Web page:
Japanese woman scolded for becoming pregnant ahead of company schedule
A Japanese woman was greeted with animosity rather than congratulatory words when she told her boss that she was expecting.
The unidentified woman, a childcare center staff in Aichi prefecture, was pressured into an informal practice in some Japanese companies where schedules are drawn on when female workers can marry and have children, reports major Japanese daily The Mainichi.
She and her 28-year-old husband apologized to the center’s director for the pregnancy. However, the woman faced admonishment for “selfishly breaking the rules.”
The husband detailed the discrimination she faced in a letter to the Japanese newspaper.
“The director at the child care center where she works had determined the order in which workers could get married or pregnant, and apparently there was an unspoken rule that one must not take their ‘turn’ before a senior staff member,” he wrote.
“The director grudgingly accepted our apology, but since the next day, has been chiding my wife with harsh words, such as, ‘How could you so selfishly break the rules?’ My wife feels guilty thinking about the hard labor conditions of her colleagues. I am fully aware that we are at fault for not planning well. But who benefits from having their “turn” to have children dictated, and following those rules?”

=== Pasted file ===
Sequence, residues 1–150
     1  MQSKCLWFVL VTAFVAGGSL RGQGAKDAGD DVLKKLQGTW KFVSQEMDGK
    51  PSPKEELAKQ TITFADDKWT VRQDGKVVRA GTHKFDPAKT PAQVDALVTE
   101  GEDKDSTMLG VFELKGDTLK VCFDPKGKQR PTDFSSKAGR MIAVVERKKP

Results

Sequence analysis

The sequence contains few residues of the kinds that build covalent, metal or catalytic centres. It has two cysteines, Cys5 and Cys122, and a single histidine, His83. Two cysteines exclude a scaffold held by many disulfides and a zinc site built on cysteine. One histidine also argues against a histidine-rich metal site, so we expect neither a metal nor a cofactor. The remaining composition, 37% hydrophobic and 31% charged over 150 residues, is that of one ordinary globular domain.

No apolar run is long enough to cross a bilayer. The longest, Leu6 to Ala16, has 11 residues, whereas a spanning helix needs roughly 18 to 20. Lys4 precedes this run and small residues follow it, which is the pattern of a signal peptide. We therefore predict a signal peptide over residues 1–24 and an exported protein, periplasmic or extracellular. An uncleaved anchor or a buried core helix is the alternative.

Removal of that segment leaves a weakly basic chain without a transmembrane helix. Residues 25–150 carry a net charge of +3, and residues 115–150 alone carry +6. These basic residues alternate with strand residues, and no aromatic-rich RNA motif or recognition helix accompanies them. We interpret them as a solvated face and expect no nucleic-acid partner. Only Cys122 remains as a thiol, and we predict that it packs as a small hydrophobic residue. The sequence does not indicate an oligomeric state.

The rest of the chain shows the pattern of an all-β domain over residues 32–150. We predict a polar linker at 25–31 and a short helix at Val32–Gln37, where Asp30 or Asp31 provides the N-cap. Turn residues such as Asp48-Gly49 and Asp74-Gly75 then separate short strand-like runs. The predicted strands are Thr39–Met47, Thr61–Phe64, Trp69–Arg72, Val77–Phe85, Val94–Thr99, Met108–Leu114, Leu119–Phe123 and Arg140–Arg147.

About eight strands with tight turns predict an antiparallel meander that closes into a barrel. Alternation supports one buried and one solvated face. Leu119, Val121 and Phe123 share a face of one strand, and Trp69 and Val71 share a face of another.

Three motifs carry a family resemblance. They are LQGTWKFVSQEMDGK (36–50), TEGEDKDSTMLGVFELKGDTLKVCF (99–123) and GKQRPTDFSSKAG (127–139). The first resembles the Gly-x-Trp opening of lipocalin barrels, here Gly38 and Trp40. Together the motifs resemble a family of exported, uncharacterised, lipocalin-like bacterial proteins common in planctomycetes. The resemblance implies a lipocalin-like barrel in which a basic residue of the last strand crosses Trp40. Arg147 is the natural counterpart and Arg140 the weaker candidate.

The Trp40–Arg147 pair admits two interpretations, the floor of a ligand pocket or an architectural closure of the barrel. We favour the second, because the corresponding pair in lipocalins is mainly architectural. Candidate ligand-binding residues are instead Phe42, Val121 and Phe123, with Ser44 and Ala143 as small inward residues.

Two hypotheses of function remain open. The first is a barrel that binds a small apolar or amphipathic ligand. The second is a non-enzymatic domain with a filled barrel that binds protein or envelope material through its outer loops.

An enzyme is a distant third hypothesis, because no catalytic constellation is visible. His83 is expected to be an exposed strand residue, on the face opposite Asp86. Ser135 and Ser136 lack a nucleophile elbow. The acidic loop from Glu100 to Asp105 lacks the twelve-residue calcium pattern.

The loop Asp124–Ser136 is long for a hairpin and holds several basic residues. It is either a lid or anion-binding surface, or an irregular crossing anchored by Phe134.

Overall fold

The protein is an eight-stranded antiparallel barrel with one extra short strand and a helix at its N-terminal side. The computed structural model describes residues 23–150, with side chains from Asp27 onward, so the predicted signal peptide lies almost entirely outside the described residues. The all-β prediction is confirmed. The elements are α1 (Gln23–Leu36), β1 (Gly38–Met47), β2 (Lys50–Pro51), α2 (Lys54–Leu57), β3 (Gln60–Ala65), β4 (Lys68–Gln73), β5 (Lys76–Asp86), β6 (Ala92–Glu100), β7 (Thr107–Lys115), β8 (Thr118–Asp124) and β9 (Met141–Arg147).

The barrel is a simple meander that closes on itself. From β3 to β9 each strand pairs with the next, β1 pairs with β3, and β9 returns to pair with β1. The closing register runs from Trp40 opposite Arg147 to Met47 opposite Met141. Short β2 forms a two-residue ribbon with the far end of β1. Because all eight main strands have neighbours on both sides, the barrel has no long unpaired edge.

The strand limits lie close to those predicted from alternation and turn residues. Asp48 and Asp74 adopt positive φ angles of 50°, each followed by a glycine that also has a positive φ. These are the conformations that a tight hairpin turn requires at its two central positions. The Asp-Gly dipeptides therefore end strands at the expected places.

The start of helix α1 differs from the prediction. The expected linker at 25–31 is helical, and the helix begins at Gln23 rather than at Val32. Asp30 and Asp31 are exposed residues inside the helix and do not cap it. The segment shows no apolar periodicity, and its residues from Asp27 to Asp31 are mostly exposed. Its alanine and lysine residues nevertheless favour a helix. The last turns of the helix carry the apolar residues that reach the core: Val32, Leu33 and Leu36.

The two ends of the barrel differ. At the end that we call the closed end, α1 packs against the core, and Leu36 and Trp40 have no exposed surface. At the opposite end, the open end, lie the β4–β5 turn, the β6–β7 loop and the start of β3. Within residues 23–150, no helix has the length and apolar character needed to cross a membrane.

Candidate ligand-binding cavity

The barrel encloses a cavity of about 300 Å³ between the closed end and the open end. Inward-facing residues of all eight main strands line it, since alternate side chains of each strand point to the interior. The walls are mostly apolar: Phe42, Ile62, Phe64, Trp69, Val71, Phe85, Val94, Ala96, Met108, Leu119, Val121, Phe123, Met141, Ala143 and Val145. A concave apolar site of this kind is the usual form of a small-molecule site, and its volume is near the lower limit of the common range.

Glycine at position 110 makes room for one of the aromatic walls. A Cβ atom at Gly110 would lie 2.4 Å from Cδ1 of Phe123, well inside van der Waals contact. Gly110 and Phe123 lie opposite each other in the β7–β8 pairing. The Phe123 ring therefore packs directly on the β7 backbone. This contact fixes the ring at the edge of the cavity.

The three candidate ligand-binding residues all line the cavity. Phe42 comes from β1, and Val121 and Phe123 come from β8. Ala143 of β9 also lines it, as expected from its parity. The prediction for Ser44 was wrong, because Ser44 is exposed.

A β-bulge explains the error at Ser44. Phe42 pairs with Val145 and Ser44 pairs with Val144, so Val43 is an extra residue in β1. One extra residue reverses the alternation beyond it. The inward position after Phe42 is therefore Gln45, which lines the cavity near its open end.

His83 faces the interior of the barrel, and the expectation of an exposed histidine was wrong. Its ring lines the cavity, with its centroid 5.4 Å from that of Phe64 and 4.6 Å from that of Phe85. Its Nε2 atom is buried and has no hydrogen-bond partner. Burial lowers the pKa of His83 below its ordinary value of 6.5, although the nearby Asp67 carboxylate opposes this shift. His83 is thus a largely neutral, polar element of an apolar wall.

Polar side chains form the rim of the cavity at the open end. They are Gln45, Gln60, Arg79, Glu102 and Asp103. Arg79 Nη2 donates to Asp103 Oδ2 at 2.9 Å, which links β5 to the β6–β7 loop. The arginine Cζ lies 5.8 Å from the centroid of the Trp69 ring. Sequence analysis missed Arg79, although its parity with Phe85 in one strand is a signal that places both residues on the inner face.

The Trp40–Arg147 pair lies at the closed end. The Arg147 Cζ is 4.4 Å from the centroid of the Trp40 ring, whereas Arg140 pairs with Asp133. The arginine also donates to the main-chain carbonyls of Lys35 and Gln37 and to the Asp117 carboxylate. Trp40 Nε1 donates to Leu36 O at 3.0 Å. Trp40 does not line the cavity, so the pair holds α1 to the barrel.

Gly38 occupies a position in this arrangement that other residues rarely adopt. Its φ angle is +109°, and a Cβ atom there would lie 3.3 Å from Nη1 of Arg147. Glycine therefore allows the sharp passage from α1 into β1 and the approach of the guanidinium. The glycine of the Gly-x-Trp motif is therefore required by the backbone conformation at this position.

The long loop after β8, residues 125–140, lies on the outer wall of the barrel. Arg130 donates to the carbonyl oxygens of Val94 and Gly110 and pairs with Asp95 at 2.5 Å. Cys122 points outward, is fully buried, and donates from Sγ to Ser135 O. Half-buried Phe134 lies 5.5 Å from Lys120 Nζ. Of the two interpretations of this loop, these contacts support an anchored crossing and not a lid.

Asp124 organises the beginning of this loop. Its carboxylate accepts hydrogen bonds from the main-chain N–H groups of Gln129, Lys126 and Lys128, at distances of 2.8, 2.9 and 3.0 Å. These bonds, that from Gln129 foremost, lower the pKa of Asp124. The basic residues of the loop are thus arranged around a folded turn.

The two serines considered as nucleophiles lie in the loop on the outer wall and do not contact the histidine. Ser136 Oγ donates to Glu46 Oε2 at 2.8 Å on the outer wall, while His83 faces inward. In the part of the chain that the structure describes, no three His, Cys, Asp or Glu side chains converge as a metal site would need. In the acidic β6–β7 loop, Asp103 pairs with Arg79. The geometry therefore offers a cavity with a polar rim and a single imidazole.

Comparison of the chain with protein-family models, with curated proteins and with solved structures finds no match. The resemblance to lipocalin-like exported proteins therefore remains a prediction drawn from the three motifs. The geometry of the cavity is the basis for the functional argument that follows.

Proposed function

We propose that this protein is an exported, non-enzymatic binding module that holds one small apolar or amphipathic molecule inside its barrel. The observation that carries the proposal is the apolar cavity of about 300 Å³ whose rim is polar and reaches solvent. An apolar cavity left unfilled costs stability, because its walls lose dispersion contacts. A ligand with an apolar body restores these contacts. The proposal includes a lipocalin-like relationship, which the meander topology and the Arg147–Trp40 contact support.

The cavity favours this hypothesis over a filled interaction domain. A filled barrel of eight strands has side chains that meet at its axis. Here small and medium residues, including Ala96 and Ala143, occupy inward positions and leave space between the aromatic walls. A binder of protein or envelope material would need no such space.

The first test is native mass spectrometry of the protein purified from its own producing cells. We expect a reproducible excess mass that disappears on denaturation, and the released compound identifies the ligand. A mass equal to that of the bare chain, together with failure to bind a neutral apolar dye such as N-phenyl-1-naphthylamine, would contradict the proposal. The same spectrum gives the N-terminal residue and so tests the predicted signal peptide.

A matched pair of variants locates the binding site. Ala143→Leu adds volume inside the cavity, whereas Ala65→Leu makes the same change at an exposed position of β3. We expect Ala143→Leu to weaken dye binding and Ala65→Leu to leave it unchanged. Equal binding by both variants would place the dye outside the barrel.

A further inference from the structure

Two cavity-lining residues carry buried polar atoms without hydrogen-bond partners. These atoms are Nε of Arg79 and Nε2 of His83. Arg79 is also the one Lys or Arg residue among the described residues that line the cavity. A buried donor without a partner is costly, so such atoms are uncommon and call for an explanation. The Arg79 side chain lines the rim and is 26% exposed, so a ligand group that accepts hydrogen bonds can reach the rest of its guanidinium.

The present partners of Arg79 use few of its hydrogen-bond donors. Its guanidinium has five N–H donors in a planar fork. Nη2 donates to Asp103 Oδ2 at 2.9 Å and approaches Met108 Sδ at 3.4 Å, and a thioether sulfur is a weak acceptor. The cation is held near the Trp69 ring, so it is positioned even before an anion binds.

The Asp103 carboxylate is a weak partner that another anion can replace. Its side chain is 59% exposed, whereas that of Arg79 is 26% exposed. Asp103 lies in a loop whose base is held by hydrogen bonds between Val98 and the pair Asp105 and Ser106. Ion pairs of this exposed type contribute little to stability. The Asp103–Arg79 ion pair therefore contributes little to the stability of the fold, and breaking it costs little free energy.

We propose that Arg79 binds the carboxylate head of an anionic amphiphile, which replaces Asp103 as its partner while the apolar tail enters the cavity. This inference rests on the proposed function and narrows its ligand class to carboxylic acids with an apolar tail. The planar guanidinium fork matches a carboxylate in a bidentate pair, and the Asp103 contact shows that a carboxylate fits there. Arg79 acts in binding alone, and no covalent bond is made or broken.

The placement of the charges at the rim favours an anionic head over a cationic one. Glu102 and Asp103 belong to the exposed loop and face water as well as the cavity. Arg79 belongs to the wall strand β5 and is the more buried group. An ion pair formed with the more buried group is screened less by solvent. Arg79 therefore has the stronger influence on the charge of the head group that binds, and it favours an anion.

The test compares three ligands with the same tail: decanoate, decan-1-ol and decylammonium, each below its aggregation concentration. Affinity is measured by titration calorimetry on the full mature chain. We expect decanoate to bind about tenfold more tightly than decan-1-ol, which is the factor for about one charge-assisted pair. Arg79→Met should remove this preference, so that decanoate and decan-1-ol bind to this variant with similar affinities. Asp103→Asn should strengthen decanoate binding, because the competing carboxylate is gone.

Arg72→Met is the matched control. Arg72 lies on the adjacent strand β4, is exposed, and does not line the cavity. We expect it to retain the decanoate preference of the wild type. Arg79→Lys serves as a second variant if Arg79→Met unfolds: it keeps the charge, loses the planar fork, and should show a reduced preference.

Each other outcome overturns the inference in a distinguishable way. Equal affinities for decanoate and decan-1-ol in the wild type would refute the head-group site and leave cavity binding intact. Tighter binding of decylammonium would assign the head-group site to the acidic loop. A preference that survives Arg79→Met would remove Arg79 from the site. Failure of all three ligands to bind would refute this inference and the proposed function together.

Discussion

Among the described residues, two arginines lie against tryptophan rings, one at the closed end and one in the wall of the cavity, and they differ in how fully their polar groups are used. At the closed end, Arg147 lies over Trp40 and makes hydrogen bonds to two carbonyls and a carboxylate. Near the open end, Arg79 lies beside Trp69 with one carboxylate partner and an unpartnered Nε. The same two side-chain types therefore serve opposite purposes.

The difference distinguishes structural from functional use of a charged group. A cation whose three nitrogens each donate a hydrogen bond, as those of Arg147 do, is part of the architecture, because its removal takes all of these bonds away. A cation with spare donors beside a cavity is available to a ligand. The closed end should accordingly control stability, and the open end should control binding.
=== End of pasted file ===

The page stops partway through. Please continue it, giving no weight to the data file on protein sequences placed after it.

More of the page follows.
He noted the irony that his wife worked in an industry which reared children, but could not have their own. “Childcare providers sacrifice their own children to care for the children of others. It is a noble profession that nurtures children who will forge the future of this country.”
“I respect my wife for her commitment to her profession, and continue to encourage her. The conditions of those working to nurture and care for children are evidence of a backward country.”
It seems that the woman is yet another victim of matahara, translated as “maternity harassment.” Despite a law banning discrimination against pregnant women, companies in Japan demote women or ask them to leave when they file for a maternity leave.
Low birth rates have plagued Japan since the 1970s; its population fell by a record 403,000 in 2017.
Sexism may have implications for it. Women are chided for either being too focused on their careers and neglecting family life or for having a family at the expense of their work.
In 2017, the country dropped three spots to 114 out of 144 in the World Economic Forum’s global gender equality rankings. Niña V. Guno /ra
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